Zuckerberg: Users will help rank news sites’ trustworthiness
Facebook CEO Mark Zuckerberg said Tuesday the social media behemoth has begun to rank news Web sites based on their trustworthiness.
The move comes amid concerns from legislators and Facebook users that the platform was exploited to spread misinformation during the 2016 US presidential campaign.
“Common ground is important,” Zuckerberg told a group of industry insiders at Facebook’s F8 conference in San Jose, Calif.
“We’re trying to have our community tell us what is quality and then feeding that into the rankings and make sure that the stuff people think is broadly trustworthy is getting promoted.”
Zuckerberg said Facebook has began asking users questions to gauge how they view certain news sites.
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“You can get this very easily by just asking people a simple survey,” he said. “We need to find ways to make it so people can tell us and then incorporate that into rankings.”
“I view our responsibility in news as two things: Make sure people can get trustworthy news in our platform and that we’re doing our job to help build a sense of common ground in society.
“We also view ourselves as having a responsibility to support the institution of journalism . . . making it so that more journalists can be funded and have jobs and do investigative work.”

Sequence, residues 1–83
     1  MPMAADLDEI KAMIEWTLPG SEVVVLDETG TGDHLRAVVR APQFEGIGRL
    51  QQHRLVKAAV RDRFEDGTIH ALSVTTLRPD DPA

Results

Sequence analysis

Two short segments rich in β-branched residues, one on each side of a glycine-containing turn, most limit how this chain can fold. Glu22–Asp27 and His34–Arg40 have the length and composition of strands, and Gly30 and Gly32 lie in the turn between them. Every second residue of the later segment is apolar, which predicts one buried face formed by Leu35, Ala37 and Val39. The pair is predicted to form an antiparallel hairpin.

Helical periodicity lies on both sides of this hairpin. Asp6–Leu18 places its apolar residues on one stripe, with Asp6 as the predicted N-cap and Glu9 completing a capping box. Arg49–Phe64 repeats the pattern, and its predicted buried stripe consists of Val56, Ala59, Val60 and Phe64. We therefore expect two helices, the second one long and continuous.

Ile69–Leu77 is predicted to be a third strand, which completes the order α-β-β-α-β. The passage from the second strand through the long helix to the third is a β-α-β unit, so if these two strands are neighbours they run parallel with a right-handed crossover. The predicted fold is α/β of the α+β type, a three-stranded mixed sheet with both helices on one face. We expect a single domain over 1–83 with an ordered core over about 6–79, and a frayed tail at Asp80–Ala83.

Zuckerberg addressed the issue of fake news spread on Facebook by outside agents and how it is constantly adapting in an attempt to combat it.
“You never fully solve security. It’s always an arms race,” he said about the penetration of the site by bad actors.
“Whatever the Russians are gonna try to do, or the fake-news trolls try to do, they’re gonna keep on coming at us and attempting to do other things, so we’re gonna be working on this forever.”
Zuckerberg also said his company had been prepared for traditional hacking and malware attacks but was caught off-guard by the “kind of coordinated information operations” that took place during the election season.
He noted how Facebook has already stifled attempts at interference in elections since the race between Donald Trump and Hillary Clinton.
“Since the 2016 US election, there was the French presidential election, the German election, the Alabama special election last year,” Zuckerberg added.
“And in those cases, we’ve deployed [artificial-intelligence] tools that have successfully taken down tens of thousands of accounts that we believe are bad actors and just fake-news trolls.”
Zuckerberg also stressed how users need to feel free to communicate openly.
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